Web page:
By now, it must be clear how susceptible to infection ears are. Some dogs seem to be more vulnerable to ear infections than others.
Well, since – as we have said before – the basic problem has to do with air circulation (or lack thereof), then it stands to reason that dogs with droopy ear flaps would be more prone to ear problems. In fact, statistics have shown that 80 per cent of the cases of ear infection confront dogs with hanging ears, for example, Poodles, Basset Hounds, Bloodhounds, etc) The theory is that erect ears allow air to circulate well in the external ear canals, and therefore allow for a better drying out of the canals and provide less favourable conditions for bacteria to proliferate.
How do we know if the
pet has an ear infection?
The ears are sensitive! One doesn’t have to be a rocket scientist to appreciate that fact. So, even if there is a little bacterial invasion (infection), there will be a great response. This reaction takes the form of:
i) Scratching the ears with the hind legs. Rubbing the ears on any surface.
ii) Purulent (pus-like), foul-smelling discharge from the ear canal. This is sometimes associated with the pasting up of the hair around the ear.
iii) Shaking the head vigorously (sometimes to the point of bursting blood vessels in the ear flap, thus causing the entire flap to swell).
iv) Redness, especially visible around the entrance to the ear canal.
v) Pain (tenderness of the tissue) which causes the animal to often hold the painful side of the head downwards.
vi) Thickening of the tissue surrounding the entrance to the ear, and sometimes of the entire ear flap.
Most of the symptoms mentioned above can be discerned quite easily.
However, to see into the ear canal, one needs a special instrument called the otoscope. I do not advise you to go poking around in the inside of a painful ear. Let the professional handle this problem, especially if a foreign body (like a grass seed) is embedded in the external ear canal. Very often, the original cause of the infection has long been expelled, but the ulceration and erosion of tissue left behind can be quite extensive and painful, and can be an excellent environment for germs to multiply.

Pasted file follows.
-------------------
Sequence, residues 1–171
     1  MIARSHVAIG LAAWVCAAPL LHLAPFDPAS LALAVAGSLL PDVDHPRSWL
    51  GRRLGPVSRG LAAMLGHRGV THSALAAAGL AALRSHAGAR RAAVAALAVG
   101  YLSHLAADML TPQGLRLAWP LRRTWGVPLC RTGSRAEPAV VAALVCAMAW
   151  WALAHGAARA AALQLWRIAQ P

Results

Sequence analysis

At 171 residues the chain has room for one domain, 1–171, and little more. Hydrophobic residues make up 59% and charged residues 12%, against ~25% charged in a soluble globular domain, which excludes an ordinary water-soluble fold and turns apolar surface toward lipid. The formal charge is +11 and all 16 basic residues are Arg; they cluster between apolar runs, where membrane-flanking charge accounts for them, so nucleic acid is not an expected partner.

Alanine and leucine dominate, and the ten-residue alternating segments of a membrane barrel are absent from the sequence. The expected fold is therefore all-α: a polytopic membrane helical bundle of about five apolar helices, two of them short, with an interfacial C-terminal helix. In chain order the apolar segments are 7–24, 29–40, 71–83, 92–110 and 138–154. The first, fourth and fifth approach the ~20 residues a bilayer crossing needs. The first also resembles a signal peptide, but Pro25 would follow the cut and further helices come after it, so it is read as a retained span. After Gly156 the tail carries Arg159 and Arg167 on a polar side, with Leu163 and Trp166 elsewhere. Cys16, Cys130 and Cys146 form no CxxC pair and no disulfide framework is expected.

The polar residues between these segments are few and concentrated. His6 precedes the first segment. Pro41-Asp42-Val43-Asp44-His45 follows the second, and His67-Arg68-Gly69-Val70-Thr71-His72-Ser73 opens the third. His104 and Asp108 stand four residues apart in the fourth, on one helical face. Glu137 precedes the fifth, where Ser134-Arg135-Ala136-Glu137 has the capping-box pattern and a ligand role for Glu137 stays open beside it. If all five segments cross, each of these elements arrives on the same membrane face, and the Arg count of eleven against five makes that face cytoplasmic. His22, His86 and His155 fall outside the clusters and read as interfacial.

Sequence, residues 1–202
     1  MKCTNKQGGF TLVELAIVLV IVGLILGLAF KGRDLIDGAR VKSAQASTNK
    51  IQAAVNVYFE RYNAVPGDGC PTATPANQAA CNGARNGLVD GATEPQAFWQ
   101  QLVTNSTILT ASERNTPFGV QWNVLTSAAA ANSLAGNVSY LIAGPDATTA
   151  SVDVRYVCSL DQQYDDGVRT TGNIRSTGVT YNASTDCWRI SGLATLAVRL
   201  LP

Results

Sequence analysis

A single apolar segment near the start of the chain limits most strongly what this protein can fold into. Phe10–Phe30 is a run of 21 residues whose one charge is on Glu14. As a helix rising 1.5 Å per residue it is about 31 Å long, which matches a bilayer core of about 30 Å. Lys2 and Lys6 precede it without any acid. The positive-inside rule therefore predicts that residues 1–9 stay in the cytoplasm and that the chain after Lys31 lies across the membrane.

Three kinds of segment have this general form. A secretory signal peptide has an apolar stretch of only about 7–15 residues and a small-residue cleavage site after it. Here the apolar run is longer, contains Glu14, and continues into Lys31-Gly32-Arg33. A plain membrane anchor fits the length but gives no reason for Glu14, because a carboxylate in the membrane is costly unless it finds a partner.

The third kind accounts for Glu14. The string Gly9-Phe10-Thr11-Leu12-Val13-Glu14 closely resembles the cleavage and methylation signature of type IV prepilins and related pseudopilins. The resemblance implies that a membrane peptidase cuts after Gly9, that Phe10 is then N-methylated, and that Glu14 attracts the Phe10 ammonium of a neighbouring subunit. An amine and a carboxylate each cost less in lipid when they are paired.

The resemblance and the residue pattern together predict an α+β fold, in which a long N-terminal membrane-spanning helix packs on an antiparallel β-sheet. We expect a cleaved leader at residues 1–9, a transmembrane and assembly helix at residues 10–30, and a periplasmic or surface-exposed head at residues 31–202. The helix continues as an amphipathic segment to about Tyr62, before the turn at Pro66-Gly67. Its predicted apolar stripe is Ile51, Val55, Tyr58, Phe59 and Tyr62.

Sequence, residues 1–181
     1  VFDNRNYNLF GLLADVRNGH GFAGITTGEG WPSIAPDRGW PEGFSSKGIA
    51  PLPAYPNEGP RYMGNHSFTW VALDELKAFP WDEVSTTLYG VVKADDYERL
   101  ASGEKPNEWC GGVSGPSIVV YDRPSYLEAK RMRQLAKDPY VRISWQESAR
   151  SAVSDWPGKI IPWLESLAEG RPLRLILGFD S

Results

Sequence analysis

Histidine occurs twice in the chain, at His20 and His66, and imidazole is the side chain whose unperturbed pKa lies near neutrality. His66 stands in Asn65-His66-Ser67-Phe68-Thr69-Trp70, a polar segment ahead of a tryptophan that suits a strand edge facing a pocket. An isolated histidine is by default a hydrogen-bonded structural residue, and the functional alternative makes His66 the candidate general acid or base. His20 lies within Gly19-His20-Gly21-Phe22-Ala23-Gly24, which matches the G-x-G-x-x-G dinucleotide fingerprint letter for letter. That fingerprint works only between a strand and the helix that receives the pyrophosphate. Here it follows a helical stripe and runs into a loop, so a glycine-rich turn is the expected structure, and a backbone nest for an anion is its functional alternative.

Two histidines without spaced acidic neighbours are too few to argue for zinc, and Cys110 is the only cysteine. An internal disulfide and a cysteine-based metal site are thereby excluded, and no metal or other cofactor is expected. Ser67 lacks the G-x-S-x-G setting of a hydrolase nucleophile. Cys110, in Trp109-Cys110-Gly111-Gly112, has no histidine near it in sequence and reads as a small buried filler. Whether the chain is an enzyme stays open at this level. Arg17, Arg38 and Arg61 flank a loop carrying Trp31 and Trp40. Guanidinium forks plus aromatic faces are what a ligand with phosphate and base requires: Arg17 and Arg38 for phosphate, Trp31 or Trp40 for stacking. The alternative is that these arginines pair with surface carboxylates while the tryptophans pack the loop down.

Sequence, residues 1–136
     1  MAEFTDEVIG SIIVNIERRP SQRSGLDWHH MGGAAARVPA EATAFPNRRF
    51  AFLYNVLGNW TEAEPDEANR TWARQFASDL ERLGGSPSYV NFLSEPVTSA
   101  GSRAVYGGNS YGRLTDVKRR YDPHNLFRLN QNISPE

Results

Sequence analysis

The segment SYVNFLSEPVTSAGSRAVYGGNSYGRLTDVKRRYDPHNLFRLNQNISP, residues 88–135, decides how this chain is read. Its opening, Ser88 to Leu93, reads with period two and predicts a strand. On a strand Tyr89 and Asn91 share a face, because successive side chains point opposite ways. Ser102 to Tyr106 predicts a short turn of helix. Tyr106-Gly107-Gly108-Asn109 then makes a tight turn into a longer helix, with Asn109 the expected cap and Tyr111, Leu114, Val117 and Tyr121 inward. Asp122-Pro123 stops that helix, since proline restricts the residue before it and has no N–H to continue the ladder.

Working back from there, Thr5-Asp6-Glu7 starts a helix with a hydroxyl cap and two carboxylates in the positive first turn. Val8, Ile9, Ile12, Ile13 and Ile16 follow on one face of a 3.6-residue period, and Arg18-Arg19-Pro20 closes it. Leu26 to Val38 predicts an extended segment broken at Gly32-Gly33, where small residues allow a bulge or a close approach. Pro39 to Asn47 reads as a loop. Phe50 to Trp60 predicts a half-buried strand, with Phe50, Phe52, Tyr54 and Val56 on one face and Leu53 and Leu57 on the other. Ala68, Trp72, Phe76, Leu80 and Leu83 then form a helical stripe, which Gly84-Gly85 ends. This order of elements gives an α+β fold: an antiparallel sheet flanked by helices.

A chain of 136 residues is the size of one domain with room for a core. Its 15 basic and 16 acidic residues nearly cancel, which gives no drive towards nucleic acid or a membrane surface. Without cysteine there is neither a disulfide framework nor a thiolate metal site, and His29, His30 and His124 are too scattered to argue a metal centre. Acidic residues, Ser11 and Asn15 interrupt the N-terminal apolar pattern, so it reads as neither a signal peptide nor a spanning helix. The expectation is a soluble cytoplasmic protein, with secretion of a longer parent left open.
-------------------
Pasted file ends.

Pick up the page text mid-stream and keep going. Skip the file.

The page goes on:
At this stage, veterinary intervention is necessary in order to relieve the pain and discomfort. Any dog in pain is unpredictable. He might even snap at its owner who wishes to take a peek at what’s going on under the ear flap. The vet may have to give the dog a sedative (tranquilliser) or he/she may have to administer a total anaesthetic.
If the infection is fresh, the vet may be able to institute a cure pretty easily in most (not all) occasions. Often, the vet would prescribe antibiotics, anti-inflammatory tablets and painkillers. On occasion, the vet might wish to take a sample of the content of the ear, so that the laboratory can perform a “sensitivity test.” Through this method, the bacteria causing the problem can be identified and the appropriate and specific medication released on the germs. I myself tend always to douche (wash out) the ear (under general anaesthesia, of course), with special detergents and hydrogen peroxide before applying antibiotics – whether in the form of drops or ointment or capsules.
Next week, we’ll begin with the specific ailments of the ear, for example, fungal infections, parasitic invasions, allergies and so on.
Please implement disease preventative measures (vaccinations, routine dewormings, monthly anti-heartworm medication, etc) and adopt-a-pet from the GSPCA’s Animal Clinic and Shelter at Robb Street and Orange Walk, if you have the wherewithal to care well for the animals. Do not stray your unwanted pets, take them to the GSPCA’s Clinic and Shelter instead. If you see anyone being cruel to an animal, or if you need any technical information, please get in touch with the Clinic and Shelter by calling 226-4237.